Obstructive sleep-disordered breathing (SDB) affects 2-3% of children and may lead to problems with nighttime sleep and daytime behavior, learning, sleepiness, and mood. Adenotonsillectomy (AT) is the second most common surgical procedure in children. It is now performed more often for suspected SDB than for any other indication. However, recent studies indicate that many if not most children still have SDB after AT, and many still have learning or behavioral problems associated with SDB. The goals of this study are: (1) to assess the extent that behavior, cognition, and sleepiness in children can improve with Continuous positive airway pressure (CPAP) treatment after AT, and (2) to identify which patients stand to gain most from post-operative assessment and treatment.

Obstructive sleep-disordered breathing (SDB) affects at least 2-3% of children and may have substantial adverse impact on behavior and cognition. Adenotonsillectomy (AT), the second most common surgical procedure in children, is now performed more often for suspected SDB than for any other indication. However, recent studies among an increasingly obese population now show something alarming: many if not most children still have SDB after AT, and many still suffer from residual neurobehavioral morbidity. Furthermore, the investigators' ongoing, 12-year, NIH-funded research has shown that standard preoperative polysomnographic measures of SDB do not consistently predict post-AT improvement in behavior and cognition. This may arise in part because many children after AT still have SDB, and because linear relationships between standard SDB measures and neurobehavioral morbidity may not exist. Even at subtle levels, SDB may promote significant neurobehavioral morbidity. Some have suggested that polysomnography may be more important after AT than before AT. However, in practice few children receive polysomnography before AT, and even fewer after AT, when continuous positive airway pressure (CPAP) could still provide definitive relief from SDB. Preliminary data from our group suggest that CPAP after AT is well-tolerated by most children and may provide significant benefit. However, virtually no published evidence exists to address critical clinical questions: which children benefit most from CPAP after AT; what role can clinical symptoms or polysomnography play in that determination; and what neurobehavioral gains are achieved by CPAP after AT?

The investigators therefore will undertake a highly practical, clinical study with two main goals: (1) to assess the extent that behavior, cognition, and sleepiness in children can improve with CPAP after AT, and (2) to identify which patients stand to gain most from post-operative assessment and treatment. This research will use reversible SDB-related neurobehavioral morbidity as the criteria by which to judge the utility of clinical symptoms and polysomnography in identification of candidates for CPAP after AT.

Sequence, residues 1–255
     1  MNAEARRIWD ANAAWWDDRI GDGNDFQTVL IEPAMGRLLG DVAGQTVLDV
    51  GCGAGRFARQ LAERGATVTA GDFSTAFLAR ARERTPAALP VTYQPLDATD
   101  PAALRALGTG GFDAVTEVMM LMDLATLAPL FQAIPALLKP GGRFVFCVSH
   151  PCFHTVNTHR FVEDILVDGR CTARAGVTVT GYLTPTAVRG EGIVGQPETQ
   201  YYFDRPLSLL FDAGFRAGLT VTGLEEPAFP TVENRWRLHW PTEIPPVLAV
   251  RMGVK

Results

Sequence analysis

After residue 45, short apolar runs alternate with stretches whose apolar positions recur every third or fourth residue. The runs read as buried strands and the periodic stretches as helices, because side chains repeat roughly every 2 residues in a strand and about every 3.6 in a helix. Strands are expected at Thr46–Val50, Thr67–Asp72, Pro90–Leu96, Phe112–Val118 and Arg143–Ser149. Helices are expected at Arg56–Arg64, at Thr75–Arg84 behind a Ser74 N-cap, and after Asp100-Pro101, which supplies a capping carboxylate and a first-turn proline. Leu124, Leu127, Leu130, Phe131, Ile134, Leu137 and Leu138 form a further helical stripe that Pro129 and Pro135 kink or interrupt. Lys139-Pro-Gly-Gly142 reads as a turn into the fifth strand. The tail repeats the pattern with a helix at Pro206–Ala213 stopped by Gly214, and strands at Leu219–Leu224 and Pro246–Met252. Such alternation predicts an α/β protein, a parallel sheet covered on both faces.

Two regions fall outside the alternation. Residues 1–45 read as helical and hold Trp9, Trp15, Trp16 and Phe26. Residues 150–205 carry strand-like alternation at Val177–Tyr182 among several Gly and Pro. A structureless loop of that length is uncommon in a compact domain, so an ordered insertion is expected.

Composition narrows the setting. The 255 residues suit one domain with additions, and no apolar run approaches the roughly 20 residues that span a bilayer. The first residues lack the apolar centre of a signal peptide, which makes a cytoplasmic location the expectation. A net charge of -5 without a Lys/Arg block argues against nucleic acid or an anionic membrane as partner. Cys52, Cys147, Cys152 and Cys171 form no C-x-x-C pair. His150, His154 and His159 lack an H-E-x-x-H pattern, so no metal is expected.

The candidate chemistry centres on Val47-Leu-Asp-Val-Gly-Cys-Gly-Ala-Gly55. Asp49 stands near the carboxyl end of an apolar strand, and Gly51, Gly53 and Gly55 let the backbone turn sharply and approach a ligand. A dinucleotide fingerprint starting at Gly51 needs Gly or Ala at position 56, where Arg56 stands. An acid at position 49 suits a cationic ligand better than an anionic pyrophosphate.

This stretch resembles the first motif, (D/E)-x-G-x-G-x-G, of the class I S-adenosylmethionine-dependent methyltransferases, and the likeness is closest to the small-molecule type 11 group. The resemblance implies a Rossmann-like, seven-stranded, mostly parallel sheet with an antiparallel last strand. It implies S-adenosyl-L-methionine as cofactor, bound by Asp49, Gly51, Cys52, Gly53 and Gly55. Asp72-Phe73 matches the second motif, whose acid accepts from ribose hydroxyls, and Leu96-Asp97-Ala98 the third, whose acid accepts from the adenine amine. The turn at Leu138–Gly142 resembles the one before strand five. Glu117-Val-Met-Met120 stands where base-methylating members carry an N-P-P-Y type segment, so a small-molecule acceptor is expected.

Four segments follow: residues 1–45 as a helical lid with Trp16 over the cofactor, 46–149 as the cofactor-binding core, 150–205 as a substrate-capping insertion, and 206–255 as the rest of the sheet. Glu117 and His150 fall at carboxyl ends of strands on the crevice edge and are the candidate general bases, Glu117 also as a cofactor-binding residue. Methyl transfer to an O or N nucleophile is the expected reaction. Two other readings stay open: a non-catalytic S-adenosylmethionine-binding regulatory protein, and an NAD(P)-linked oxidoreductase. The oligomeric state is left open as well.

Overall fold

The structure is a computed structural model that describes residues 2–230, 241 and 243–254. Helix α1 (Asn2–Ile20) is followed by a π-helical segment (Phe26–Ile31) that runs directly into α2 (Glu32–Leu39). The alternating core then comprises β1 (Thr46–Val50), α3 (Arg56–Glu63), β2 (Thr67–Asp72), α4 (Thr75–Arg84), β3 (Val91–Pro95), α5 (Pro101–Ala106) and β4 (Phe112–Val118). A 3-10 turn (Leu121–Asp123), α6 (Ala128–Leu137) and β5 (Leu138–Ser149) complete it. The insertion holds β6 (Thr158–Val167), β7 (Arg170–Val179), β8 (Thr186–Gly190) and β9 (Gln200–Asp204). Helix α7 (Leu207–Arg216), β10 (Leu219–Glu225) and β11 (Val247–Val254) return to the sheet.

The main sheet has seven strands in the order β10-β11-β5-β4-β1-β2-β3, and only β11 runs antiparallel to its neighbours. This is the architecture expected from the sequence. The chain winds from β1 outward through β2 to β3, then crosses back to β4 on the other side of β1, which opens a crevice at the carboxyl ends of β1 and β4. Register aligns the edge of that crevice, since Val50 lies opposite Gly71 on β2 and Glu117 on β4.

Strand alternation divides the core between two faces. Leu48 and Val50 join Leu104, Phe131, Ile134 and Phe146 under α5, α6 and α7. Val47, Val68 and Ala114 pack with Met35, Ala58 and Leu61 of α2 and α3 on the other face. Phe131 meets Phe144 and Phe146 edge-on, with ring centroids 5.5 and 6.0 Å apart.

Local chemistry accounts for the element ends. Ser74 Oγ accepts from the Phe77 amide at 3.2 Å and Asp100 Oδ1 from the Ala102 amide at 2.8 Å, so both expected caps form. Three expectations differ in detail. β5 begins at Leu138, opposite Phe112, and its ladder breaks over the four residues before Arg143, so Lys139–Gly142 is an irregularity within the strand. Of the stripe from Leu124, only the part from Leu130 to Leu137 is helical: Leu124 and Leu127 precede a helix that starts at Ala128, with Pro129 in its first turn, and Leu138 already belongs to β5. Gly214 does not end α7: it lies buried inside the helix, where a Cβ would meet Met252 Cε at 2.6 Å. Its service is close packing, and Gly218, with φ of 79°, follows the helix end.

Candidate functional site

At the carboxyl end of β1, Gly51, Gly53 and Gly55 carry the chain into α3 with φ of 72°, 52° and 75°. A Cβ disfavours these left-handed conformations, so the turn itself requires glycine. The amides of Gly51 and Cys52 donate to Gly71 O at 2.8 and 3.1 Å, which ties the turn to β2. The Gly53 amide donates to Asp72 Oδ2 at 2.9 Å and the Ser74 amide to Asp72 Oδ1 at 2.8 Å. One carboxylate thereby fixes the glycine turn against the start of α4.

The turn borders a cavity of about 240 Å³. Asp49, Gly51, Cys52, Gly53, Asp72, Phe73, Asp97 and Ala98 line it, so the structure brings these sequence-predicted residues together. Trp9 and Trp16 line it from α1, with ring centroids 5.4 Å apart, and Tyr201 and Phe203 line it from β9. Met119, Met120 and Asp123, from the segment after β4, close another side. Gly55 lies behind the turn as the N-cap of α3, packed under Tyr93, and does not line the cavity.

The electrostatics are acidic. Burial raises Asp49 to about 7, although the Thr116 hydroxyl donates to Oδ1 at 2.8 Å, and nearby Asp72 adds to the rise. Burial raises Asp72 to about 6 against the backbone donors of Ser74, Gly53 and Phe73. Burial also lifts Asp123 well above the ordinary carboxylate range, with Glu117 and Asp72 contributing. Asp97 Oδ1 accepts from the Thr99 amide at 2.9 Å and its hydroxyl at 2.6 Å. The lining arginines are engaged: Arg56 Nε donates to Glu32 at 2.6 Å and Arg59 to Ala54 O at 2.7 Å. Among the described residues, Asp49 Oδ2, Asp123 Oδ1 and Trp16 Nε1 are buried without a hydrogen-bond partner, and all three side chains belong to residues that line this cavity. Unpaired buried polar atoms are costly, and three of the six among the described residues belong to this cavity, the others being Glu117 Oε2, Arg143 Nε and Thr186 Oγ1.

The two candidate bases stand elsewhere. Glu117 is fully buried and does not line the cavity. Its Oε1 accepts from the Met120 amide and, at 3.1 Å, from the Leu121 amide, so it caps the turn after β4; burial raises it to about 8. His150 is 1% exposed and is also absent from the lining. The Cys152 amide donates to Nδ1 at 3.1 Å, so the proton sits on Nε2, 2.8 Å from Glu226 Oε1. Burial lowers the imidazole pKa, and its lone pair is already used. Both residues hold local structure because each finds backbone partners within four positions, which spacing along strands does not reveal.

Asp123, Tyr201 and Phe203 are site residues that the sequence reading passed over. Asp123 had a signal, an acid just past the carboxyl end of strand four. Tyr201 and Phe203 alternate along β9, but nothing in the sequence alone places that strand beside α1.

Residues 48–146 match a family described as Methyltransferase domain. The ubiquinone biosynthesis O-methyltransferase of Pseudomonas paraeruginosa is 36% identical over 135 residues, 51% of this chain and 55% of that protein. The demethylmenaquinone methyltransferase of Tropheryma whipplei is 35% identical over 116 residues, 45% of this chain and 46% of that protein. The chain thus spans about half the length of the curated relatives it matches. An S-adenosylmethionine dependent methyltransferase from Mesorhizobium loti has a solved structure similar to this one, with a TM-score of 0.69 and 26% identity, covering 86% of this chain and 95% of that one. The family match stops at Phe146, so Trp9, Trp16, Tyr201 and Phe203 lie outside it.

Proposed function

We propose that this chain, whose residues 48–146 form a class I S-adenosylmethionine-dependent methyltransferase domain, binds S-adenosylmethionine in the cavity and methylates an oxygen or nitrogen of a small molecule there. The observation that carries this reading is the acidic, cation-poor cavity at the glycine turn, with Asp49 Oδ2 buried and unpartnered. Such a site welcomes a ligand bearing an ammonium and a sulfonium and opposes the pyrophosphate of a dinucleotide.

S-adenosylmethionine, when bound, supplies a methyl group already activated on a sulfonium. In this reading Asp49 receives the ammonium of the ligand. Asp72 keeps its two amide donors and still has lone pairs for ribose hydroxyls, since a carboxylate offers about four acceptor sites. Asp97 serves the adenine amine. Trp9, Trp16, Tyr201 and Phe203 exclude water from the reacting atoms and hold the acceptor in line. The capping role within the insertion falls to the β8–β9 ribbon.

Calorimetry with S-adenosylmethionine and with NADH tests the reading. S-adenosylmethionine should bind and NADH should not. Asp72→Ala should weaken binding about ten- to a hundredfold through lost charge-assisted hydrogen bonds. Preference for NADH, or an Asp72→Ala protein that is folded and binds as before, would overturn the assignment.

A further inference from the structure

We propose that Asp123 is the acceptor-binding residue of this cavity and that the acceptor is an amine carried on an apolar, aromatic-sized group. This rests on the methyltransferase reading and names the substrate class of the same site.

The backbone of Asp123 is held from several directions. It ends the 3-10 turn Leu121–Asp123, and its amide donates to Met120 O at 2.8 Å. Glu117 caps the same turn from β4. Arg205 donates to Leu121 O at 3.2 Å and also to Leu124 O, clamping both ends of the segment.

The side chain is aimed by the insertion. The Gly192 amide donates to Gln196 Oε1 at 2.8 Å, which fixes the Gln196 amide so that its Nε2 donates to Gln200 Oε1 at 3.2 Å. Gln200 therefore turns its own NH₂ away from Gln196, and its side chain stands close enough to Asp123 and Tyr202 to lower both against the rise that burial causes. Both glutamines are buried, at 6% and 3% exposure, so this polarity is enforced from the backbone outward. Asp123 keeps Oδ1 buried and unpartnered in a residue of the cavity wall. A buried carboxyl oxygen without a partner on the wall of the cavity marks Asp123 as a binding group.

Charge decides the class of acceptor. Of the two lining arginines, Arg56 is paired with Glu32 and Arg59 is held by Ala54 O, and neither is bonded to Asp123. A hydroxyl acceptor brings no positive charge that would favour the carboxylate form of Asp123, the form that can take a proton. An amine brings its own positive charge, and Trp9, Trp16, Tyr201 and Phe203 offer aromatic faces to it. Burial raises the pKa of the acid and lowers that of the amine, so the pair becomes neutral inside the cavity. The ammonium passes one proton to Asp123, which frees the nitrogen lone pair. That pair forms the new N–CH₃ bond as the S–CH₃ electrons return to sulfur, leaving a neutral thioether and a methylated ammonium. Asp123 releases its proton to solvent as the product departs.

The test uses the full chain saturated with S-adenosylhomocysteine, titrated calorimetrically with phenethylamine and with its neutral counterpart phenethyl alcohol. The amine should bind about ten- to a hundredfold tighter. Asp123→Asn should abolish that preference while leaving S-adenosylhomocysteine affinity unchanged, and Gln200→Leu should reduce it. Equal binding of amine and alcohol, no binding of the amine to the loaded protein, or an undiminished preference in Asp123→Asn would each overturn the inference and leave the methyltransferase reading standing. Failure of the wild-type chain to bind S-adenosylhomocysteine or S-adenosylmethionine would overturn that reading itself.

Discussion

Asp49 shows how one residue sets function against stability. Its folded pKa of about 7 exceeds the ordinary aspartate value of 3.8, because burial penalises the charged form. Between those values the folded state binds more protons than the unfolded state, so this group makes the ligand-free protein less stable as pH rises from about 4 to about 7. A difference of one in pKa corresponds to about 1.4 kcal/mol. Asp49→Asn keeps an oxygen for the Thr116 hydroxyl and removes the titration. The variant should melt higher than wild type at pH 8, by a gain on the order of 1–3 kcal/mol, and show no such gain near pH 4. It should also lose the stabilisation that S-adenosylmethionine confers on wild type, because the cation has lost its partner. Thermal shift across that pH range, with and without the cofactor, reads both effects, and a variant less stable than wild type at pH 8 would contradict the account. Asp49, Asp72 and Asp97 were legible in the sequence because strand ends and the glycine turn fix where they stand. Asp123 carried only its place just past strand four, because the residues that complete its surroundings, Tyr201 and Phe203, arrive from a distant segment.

Interventional
Not Applicable
Allocation: Randomized
Intervention Model: Parallel Assignment
Masking: None (Open Label)
Primary Purpose: Treatment
  • Sleep Apnea, Obstructive
  • Sleep Apnea Syndromes
  • Child Behavior Disorders
  • Attention Deficit Disorder With Hyperactivity
  • Disorders of Excessive Somnolence
  • Procedure: CPAP treatment
    6 months of treatment with PAP (CPAP or BPAP)
    Other Names:
    • Continuous positive airway pressure device (CPAP)
    • Bi-level positive airway pressure device (BPAP)
    • Positive Airway Pressure device (PAP)
  • Other: No CPAP treatment
    Children randomized to the comparison group will receive routine care
    Other Names:
    • Comparison group
    • Control group
  • Experimental: CPAP treatment
    Children randomized to this arm will receive 6 months of CPAP (or BPAP) treatment, beginning at approximately 4 months after AT, in addition to standard of care. For analysis purposes those children who were non-adherent (CPAP use <4 hours per night) vs. adherent (CPAP use at least 4 hours per night) will be analyzed separately.
    Intervention: Procedure: CPAP treatment
  • No CPAP treatment
    Children randomized to this comparison arm will not be treated with CPAP or BPAP, but will be followed for approximately 10 months after AT while receiving standard of care.
    Intervention: Other: No CPAP treatment
Not Provided

*   Includes publications given by the data provider as well as publications identified by ClinicalTrials.gov Identifier (NCT Number) in Medline.
 
Completed
120
Same as current
October 29, 2017
October 29, 2017   (Final data collection date for primary outcome measure)

Inclusion Criteria:

  1. Children ages 5-12 years old,
  2. Scheduled for an adenotonsillectomy for treatment of sleep apnea,
  3. Child must provide assent, and
  4. Parent or legal guardian must be able to speak and read English, and agree to the study.

Exclusion Criteria:

  1. No siblings of children already enrolled in the study,
  2. Children who expect to have another surgery (in addition to AT) during the period of participation in this study,
  3. Neurological, psychiatric, or medical conditions, or social factors that may affect test results, prevent children from returning for required study visits, or interfere with the study treatment, or
  4. Certain medications that affect sleepiness or alertness, for example:

    • Stimulants (such as Ritalin, Adderall, or Concerta),
    • Sleep aides (such as Melatonin, Ambien, or Ativan), or
    • Sedating medicines (such as Benadryl, Klonopin, Xanax, or Valerian).
Sexes Eligible for Study: All
5 Years to 12 Years   (Child)
No
Contact information is only displayed when the study is recruiting subjects
United States
 
 
NCT01554527
F029661-00
1R01HL105999-01A1 ( U.S. NIH Grant/Contract )
Yes
Not Provided
Not Provided
Ronald D. Chervin, M.D., M.S., University of Michigan
University of Michigan
  • National Heart, Lung, and Blood Institute (NHLBI)
  • Michigan Technological University
Principal Investigator: Ronald D. Chervin, MD, MS University of Michigan
University of Michigan
January 2019

ICMJE     Data element required by the International Committee of Medical Journal Editors and the World Health Organization ICTRP